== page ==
The first episode of Raising the Floor, the enterprise datacenter podcast from Foskett Services, features thought leaders from two key cloud storage-enabling companies:
This discussion is moderated by Stephen Foskett, founder of Foskett Services.
We continue our conversation with a discussion of the mechanics of cloud storage. How can real-world applications make use of storage connected over the Internet?
Stephen Foskett: That’s one thing that’s interesting is that the cloud storage is not just conventional storage. There’s actually a very different architecture behind it as you mentioned in terms of how it’s actually constructed. There’s also the fact that the access method is very different. That maybe something we should talk about as well. Andres, do you want to take a moment to talk about object storage and REST?
Andres Rodriguez: Absolutely, and I should say before Nasuni, I actually did a company called Archivas to develop an object store. What we did there is the concept is rather than having block level read/write fast access, you develop a system that’s going to have blob level. That is much larger binaries, typically, at least a few hundred kilobytes in size. The binaries are accessed into the cluster, into the object store in a transactional way. Just like HTTP, in a file transfer way. What you have is this system that exists out there that you can access through essentially HTTP, get, could, and delete which are very gross operations, very high-level operations.
You’re going to be putting out all these binaries into those systems. What is important to understand those systems, not only do you have the latency’s built into protocols like that that are really designed to be accessed to be used over the Wide Area Network.
But, the semantics at the other end are such that those are protocols that are very good if you want to create a blob, get a blob back, or delete it, but not if you want to modify it.
Now, if we’re talking in terms of trying to make that compatible with file systems, there’s a real leap that you have to take so that you can have something that is read/write very fast coexist with that kind of backend.
Stephen: Yes, and I think that that’s really the next point we need to make. Most conventional applications are not compatible with this HTTP REST interface that most public cloud providers rely on. Now, there are more applications all the time that are compatible with it but does this mean that cloud is off-limits that you can’t use it for conventional applications?
Josh Goldstein: Not at all. I think that the thing is you need a technology and this is exactly that the business that Nasuni sort have gone into. You need a technology to pry in the cloud to make it appear the same way that you would expect your local storage systems to appear. And that is what’s really critical is laying this on top of the object store so that you get the best of both worlds. You are now getting the scalability and the pay as you go pricing that you can get from a number of different public cloud providers but at the same time you are in and out reading with that cloud in a way that is very familiar to you and compatible with your applications.
Stephen: I think that is one of the interesting things about these two companies. And one of the reasons that I picked you guys to talk together is because I see you guys as basically two sides of a coin. You have block storage and you have files storage. Do you want to talk a little bit each of you about what it is exactly that you are doing with public clouds storage?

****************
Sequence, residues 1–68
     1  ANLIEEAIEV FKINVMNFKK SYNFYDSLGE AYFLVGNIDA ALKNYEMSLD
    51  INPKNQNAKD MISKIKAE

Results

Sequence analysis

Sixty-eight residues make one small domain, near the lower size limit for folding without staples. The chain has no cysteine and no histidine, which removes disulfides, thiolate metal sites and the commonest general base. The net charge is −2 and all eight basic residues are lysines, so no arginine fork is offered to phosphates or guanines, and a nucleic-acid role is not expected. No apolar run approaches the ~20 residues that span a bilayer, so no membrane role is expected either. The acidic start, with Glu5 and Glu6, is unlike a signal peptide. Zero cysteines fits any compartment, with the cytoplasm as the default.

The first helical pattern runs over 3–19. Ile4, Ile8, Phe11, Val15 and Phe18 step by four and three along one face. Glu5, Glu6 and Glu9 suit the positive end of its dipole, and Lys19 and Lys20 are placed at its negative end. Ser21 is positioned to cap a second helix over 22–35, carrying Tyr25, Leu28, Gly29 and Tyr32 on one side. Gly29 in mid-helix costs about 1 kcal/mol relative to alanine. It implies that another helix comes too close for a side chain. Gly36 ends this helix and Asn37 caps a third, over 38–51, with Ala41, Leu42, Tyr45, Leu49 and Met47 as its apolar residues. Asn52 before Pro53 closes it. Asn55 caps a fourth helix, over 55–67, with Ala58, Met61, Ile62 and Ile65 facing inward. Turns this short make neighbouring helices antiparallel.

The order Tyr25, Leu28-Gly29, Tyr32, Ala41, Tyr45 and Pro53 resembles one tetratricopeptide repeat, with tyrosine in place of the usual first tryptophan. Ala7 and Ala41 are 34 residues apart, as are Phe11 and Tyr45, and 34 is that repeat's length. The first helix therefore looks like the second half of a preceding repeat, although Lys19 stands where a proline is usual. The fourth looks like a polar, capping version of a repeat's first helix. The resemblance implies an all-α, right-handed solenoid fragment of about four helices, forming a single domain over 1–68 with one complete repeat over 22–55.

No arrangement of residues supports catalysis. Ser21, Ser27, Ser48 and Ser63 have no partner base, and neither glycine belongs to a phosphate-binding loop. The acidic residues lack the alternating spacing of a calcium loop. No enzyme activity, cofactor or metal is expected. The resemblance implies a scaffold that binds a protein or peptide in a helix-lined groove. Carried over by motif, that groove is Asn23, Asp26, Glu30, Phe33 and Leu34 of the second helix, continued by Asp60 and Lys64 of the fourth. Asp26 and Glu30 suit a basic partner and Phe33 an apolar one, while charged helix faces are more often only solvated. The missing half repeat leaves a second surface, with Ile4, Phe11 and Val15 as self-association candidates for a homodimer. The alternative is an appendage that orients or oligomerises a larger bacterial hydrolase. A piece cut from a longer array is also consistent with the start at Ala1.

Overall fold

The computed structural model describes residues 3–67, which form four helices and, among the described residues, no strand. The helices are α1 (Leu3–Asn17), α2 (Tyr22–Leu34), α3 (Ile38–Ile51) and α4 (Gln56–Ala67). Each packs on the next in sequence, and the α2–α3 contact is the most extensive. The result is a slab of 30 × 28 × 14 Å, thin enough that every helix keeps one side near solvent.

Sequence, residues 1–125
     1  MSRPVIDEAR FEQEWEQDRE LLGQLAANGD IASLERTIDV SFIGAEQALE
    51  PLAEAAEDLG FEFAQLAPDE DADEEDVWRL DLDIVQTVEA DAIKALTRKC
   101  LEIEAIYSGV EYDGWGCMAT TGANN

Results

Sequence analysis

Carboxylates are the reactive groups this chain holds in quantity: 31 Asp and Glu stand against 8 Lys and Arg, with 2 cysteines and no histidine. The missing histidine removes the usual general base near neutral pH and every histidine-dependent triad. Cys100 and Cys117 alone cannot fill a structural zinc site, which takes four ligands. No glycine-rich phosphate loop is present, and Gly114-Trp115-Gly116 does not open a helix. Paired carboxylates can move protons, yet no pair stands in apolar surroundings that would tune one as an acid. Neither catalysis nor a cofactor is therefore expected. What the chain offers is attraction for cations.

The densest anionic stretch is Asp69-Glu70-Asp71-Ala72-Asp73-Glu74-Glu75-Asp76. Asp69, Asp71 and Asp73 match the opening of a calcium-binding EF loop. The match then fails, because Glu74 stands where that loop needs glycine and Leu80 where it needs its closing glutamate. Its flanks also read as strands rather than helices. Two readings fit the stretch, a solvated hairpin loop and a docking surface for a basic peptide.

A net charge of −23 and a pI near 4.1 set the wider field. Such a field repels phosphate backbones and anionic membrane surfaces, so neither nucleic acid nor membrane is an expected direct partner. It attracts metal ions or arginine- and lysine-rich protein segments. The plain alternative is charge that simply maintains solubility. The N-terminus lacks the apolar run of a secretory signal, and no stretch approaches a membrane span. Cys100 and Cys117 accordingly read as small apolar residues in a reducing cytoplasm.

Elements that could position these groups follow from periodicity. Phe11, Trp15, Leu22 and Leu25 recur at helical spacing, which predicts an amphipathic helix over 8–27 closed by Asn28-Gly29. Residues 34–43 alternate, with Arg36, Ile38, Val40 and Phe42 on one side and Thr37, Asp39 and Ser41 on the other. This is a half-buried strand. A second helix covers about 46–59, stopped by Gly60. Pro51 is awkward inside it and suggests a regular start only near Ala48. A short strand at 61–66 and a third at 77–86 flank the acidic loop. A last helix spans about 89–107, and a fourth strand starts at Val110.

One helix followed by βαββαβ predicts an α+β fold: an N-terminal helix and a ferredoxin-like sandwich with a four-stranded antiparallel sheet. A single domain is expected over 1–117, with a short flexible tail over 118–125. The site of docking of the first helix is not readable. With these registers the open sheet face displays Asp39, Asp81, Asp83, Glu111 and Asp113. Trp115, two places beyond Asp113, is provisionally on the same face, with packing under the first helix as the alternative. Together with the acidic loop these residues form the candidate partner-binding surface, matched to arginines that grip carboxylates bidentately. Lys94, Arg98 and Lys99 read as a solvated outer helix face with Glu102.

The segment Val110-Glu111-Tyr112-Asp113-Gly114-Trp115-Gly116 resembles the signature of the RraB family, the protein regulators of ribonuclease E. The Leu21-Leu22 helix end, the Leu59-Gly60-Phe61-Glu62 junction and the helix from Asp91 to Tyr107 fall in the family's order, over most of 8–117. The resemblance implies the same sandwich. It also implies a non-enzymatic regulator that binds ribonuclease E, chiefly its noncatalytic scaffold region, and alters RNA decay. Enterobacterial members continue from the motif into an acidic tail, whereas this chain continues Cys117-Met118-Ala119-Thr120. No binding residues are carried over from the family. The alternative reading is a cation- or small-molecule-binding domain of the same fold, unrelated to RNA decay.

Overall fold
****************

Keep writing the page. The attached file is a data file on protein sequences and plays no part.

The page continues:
Andres: Sure thing. So, I’ll start there and I said anything that traditional storage world, we have file based systems. We have block based systems and that is exactly where Cirtas and Nasuni stand. We are the equivalent of say a company named EMC and NetApp for the cloud world. The approaches are complimentary. And they are both trying to solve the same problem. I’ll start on the file side but Josh can take on the block. But on the file level is really, look, if you want to have something that behaves very much like a file server, say like a NetApp box. It means you are going to have a file system, you want to have a protocol to export it locally on so something like CIFS, you are now going to have access to directory integration so that you can have access control. This is what makes a file server useful in the datacenter.
And furthermore, remember what I said about no backups? If you are not… If the cloud is completely reliable right. Then what you need to have on top of the cloud is some kind of system that allows you to version all the changes out to the cloud. And you want to do that for several reasons.
But one of the most important reasons is so you can go back to your file system as it was at any point in time or any specific file or directory at any point of time. And we’ll store it without having to go to back up by just relying on this device. In our case, on our Nasuni file server and the cloud back-end.
In addition to that and I let Josh kind of paint the full picture from the block perspective.
You also want to use this kind of snapshotting technology to make sure that you are only sending to the cloud and storing in the cloud because you are now going to be paying for this for the changes or the minimum amount of information but you can’t. And so you want to do a very good job identifying any kind of duplication of the data.
And then de-duplicate that data, compressing that data and incorporating all of that data before it lands in the cloud. We can talk afterwards about security and encryption but that’s really what makes the bridge. I’m skipping the file system side.
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